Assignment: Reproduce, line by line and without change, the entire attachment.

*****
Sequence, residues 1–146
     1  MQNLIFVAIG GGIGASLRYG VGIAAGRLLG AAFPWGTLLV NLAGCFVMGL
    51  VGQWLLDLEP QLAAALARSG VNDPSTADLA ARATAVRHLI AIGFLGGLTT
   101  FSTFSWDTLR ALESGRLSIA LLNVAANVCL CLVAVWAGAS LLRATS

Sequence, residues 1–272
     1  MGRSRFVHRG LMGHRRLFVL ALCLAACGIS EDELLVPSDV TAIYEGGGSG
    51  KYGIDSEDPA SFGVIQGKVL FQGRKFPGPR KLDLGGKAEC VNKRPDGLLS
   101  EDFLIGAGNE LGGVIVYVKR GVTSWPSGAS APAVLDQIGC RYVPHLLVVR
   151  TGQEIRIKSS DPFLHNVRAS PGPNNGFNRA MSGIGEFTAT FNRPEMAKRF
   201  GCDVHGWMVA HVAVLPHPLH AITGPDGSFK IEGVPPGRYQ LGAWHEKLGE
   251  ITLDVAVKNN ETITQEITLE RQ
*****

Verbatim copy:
Sequence, residues 1–146
     1  MQNLIFVAIG GGIGASLRYG VGIAAGRLLG AAFPWGTLLV NLAGCFVMGL
    51  VGQWLLDLEP QLAAALARSG VNDPSTADLA ARATAVRHLI AIGFLGGLTT
   101  FSTFSWDTLR ALESGRLSIA LLNVAANVCL CLVAVWAGAS LLRATS

Sequence, residues 1–272
     1  MGRSRFVHRG LMGHRRLFVL ALCLAACGIS EDELLVPSDV TAIYEGGGSG
    51  KYGIDSEDPA SFGVIQGKVL FQGRKFPGPR KLDLGGKAEC VNKRPDGLLS
   101  EDFLIGAGNE LGGVIVYVKR GVTSWPSGAS APAVLDQIGC RYVPHLLVVR
   151  TGQEIRIKSS DPFLHNVRAS PGPNNGFNRA MSGIGEFTAT FNRPEMAKRF
   201  GCDVHGWMVA HVAVLPHPLH AITGPDGSFK IEGVPPGRYQ LGAWHEKLGE
   251  ITLDVAVKNN ETITQEITLE RQ